Cigar Beetles – How to Get Rid of Them

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If you are just getting into cigars, there is a world of pleasure waiting for you. With all of the different brands, sizes, flavors, and more, the possibilities are nearly endless. From cigars that taste like nothing but tobacco, to some really sweet and fruity ones and nutty and creamy ones too, there is so much for you to try.

If you are a beginner cigar enthusiast who is just venturing into this world, you’ve probably got a nice humidor or two, humidity regulator packs, and a small collection of cigars to smoke after a long day of work.

Cigars bring a lot of joy to many people, and for newcomers, it can be a real treat. That said, one thing that is not a treat is when you discover that your cigars have been ravaged by beetles, a specific type of beetle, aptly named the cigar beetle. Let’s take a closer look at the issue of cigars, cigar beetles, how to recognize signs of infestation, and how to deal with them.

Cigar Beetles – How to Get Rid of Them

What is a Cigar Beetle?

The scientific term for the cigar beetle is lasioderma serricorne. These are beetles that can be hard to see with the naked eye because they are usually only a couple of millimeters in length. If you don’t know what you are looking for, they might just look like specks of dirt. Like many other beetles, cigar beetles can fly.

They have a fairly short lifespan that usually tops out at about 6 weeks before they die. However, cigar beetles breed and multiply at an astounding pace, which is one of the things that makes them so dangerous.

Of course, the other thing that makes them so dangerous, at least for cigar aficionados, is the fact that they like to burrow inside of cigars and feed on the tobacco. That said, cigar beetles don’t eat just cigars and tobacco; they like various foods including cereals, other grains, and even coffee beans, among many other foods.

Recognizing the Signs of Cigar Beetles

There are two main ways that you can recognize the signs of a cigar beetle infestation in your cigars, besides actually seeing them, of course.

Miniature Holes

Besides seeing the insects firsthand, the biggest telltale sign that you have a cigar beetle infestation is if you see small pinholes in your cigars. Remember, these beetles will eat their way through a cigar as they burrow into it.

Cigar beetles may even chew through cellophane or plastic wrapping to get to the cigars. Some people may assume that small holes in cigars are due to errors during the making of the cigar, but these holes are usually always caused by cigar beetles.

Black Dust

If you pick up a cigar and tap it on a hard surface, with the front end facing down, you might notice some black dust or black specks falling out. These black specks are the exoskeletons of cigar beetles and the waste that cigar beetles produce.

In other words, the tobacco that cigar beetles eat is digested and then expelled back into the cigars. If you notice black dust accumulating in your humidor, it is a definite sign that you have a cigar beetle infestation.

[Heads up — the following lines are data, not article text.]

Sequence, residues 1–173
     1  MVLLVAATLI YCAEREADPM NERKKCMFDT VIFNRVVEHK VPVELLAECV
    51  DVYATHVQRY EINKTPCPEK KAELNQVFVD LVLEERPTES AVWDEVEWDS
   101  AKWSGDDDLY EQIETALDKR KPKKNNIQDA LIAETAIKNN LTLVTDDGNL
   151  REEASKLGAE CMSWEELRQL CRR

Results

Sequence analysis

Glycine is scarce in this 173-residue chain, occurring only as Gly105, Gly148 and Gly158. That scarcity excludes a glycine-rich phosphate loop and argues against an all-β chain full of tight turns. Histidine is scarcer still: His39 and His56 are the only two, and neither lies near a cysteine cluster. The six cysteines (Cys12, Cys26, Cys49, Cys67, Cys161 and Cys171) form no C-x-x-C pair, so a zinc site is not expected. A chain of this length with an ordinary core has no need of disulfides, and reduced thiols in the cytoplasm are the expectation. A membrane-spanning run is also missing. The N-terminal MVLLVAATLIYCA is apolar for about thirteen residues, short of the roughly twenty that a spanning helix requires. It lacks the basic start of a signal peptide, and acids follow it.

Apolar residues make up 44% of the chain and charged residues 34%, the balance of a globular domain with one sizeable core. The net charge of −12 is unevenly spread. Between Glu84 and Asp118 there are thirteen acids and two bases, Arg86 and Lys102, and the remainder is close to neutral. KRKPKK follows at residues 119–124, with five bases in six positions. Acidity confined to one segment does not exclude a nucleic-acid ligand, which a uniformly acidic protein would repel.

Cigar Beetles

Getting Rid of Cigar Beetles

The first thing that needs to be said is that hopefully, you can catch a cigar beetle infestation in the infant stages. The reason for this is because once these beetles have chewed into cigars and make holes in them, there is not that much you can do to salvage them.

Smoke will come out of those pinholes, which might look kind of cool, but is useless because none of the smoke gets to your mouth. Sure, you could use rolling papers to stick them shut, but this will only go so far.

Moreover, your cigars might still have the beetles inside of them, along with their waste. Although it is probably not harmful to smoke, it’s not a pleasant thought to have in your head with every puff you take. Therefore, if your cigars have cigar beetles in them, the only real option is to toss them in the garbage.

That being said if only some of your cigars are infested and have been damaged, but there are others near that don’t yet show signs of damage, you may still be able to salvage those. The main thing you need to do here is to ensure that no cigar beetle eggs can hatch in the undamaged cigars.

To accomplish this, stick the cigars in the freezer for 2 to 3 days, and then into the fridge for another day or two, then store them at room temperature for another 2 or 3 days before putting them back into the humidor. Of course, if you see any cigar beetles, kill them and get rid of them immediately.


The bottom line is that the cigar beetle is perhaps the worst nightmare that a cigar smoker can have. Although there is not much you can do to do get rid of them, you can prevent them from infesting your cigars in the first place.

Always inspect your cigars before purchasing them, clean out your humidor, and keep the temperature at a steady 70° Fahrenheit. It also pays to be diligent and to regularly look for signs of infestation, so if need be, you can deal with it before it gets too bad.

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